By David Guy
With 2023 emerging as a wet year in the Sacramento Valley, water resources managers and Groundwater Sustainability Agencies (GSAs) are watching groundwater levels and quality to see how the aquifer systems will recover on the heels of some very dry years where there has been little surface water available in certain parts of the Valley.
One indicator of trends in the aquifer systems is the spring groundwater levels that have been monitored and reported on the Department of Water Resources (DWR) California’s Groundwater Live. There is a lot to learn from the various trends seen on this website that will help inform local water and land use management. The encouraging signs are the immediate recovery of groundwater levels seen in many parts of the Valley with one wet spring. With full surface supplies available throughout the Valley in 2023 this trend should continue as the demands for groundwater pumping will be significantly less this year in areas where surface supplies are available.
Water resources managers and GSAs will continue to closely watch other areas in the Valley where groundwater pumping has been intense the past three years, notably on the west-side of the Valley, where surface supplies have been severely limited by regulations surrounding Lake Shasta operations. In certain pockets of the Valley, recovery seems to be slower and more aggressive actions will be necessary to recharge groundwater in more effective ways or to ultimately limit pumping.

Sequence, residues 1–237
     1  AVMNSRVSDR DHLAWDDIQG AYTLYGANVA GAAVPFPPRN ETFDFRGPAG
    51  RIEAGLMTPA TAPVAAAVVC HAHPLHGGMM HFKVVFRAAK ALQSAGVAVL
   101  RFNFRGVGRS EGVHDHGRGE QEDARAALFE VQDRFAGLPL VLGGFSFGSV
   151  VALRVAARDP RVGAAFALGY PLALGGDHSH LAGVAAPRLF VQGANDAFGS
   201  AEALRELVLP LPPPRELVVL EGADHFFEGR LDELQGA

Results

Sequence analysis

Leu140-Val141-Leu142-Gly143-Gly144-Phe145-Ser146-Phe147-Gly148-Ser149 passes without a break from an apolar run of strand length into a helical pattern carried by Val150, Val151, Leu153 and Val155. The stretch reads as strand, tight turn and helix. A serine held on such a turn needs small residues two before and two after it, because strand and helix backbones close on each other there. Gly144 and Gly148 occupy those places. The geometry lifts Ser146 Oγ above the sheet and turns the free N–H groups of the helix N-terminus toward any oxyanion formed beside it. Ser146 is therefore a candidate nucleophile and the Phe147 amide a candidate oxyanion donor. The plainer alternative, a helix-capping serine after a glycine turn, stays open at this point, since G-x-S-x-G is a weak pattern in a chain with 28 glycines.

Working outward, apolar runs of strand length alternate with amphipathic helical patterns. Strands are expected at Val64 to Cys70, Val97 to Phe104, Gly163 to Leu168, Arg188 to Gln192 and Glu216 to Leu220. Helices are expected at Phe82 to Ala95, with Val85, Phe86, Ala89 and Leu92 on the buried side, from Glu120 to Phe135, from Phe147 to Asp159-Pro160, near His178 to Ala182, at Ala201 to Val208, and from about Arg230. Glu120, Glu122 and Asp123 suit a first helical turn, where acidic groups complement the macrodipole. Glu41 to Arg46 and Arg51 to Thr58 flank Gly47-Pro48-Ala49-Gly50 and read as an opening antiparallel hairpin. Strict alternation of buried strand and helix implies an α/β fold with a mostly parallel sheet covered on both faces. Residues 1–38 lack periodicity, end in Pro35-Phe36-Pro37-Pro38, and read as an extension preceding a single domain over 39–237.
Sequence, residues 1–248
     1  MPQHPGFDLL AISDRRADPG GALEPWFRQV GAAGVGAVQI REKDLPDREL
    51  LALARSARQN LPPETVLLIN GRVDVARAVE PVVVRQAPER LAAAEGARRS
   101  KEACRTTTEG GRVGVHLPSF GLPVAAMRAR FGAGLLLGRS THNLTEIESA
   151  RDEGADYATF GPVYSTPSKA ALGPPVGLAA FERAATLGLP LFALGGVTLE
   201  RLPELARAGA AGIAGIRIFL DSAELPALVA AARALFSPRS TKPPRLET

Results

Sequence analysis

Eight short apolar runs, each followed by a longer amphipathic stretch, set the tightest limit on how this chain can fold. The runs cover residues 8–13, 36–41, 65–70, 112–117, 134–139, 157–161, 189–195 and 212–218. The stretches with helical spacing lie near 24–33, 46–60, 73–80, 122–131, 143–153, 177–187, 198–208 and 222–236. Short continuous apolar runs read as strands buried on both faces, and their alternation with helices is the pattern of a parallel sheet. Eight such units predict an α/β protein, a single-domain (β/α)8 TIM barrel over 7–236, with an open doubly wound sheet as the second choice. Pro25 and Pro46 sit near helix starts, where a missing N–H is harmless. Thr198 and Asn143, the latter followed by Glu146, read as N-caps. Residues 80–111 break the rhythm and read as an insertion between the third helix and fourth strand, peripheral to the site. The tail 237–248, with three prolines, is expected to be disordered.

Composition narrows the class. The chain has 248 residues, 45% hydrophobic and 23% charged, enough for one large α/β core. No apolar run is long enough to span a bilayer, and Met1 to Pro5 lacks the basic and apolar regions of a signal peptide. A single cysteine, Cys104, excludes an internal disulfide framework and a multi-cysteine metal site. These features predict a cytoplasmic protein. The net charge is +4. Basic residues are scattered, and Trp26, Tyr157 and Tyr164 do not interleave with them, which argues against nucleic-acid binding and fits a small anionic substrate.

The information on groundwater live, coupled with local information gathered by GSAs, reminds us about the importance of the Sustainable Groundwater Management Act (SGMA) to support GSAs (counties, cities, water agencies and other special districts) and landowners throughout the region as they build stronger local institutional capacity for GSAs while implementing the foundational Groundwater Sustainability Plans (GSPs) for the Sacramento Valley. Active management by GSAs through the GSPs across the entire Sacramento Valley floor will be essential for regional sustainability by 2042.
To help GSAs across the region, several priorities have emerged to support local agencies, which is described in A Pathway for the Future: Sustainable Groundwater Management in the Sacramento Valley. This includes:
- Ensure safe drinking water for communities
- Advance groundwater recharge opportunities
- Better understand and manage surface water and groundwater interaction.
- Help coordinate effective well permitting programs across the region; and
- Align state and federal priorities with local and regional needs.
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This document offers a path forward for groundwater sustainability in the Sacramento Valley and calls upon the leaders in the region to utilize our extensive and valuable natural infrastructure, including the groundwater aquifers and recharge areas, as part of a healthy landscape necessary for a functional Sacramento Valley and greater water supply resilience. The priorities renew our focus on conjunctively managing our resources and deploying nature-based solutions to achieve sustainability, which this groundwater level information will help support.